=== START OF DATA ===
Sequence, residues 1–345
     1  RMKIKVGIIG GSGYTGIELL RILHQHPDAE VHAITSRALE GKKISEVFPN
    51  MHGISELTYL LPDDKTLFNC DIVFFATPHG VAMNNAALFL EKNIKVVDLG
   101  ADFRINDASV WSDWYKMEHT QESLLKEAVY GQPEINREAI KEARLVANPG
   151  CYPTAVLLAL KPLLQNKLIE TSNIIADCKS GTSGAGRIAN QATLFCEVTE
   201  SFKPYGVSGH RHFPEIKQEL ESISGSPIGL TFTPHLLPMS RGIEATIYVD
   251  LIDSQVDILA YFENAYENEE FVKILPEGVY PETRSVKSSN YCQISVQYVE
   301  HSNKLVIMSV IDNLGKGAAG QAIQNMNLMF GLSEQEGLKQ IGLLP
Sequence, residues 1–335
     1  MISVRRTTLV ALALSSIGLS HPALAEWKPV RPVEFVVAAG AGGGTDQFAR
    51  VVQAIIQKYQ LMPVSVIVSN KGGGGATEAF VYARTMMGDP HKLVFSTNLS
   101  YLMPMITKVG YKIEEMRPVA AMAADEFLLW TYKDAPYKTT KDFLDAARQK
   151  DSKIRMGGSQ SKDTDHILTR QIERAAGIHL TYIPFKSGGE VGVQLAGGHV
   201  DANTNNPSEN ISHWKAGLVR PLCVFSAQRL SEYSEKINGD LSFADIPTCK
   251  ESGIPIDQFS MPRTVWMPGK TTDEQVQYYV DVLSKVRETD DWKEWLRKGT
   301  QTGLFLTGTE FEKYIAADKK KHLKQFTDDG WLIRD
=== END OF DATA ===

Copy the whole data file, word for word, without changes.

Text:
Sequence, residues 1–345
     1  RMKIKVGIIG GSGYTGIELL RILHQHPDAE VHAITSRALE GKKISEVFPN
    51  MHGISELTYL LPDDKTLFNC DIVFFATPHG VAMNNAALFL EKNIKVVDLG
   101  ADFRINDASV WSDWYKMEHT QESLLKEAVY GQPEINREAI KEARLVANPG
   151  CYPTAVLLAL KPLLQNKLIE TSNIIADCKS GTSGAGRIAN QATLFCEVTE
   201  SFKPYGVSGH RHFPEIKQEL ESISGSPIGL TFTPHLLPMS RGIEATIYVD
   251  LIDSQVDILA YFENAYENEE FVKILPEGVY PETRSVKSSN YCQISVQYVE
   301  HSNKLVIMSV IDNLGKGAAG QAIQNMNLMF GLSEQEGLKQ IGLLP
Sequence, residues 1–335
     1  MISVRRTTLV ALALSSIGLS HPALAEWKPV RPVEFVVAAG AGGGTDQFAR
    51  VVQAIIQKYQ LMPVSVIVSN KGGGGATEAF VYARTMMGDP HKLVFSTNLS
   101  YLMPMITKVG YKIEEMRPVA AMAADEFLLW TYKDAPYKTT KDFLDAARQK
   151  DSKIRMGGSQ SKDTDHILTR QIERAAGIHL TYIPFKSGGE VGVQLAGGHV
   201  DANTNNPSEN ISHWKAGLVR PLCVFSAQRL SEYSEKINGD LSFADIPTCK
   251  ESGIPIDQFS MPRTVWMPGK TTDEQVQYYV DVLSKVRETD DWKEWLRKGT
   301  QTGLFLTGTE FEKYIAADKK KHLKQFTDDG WLIRD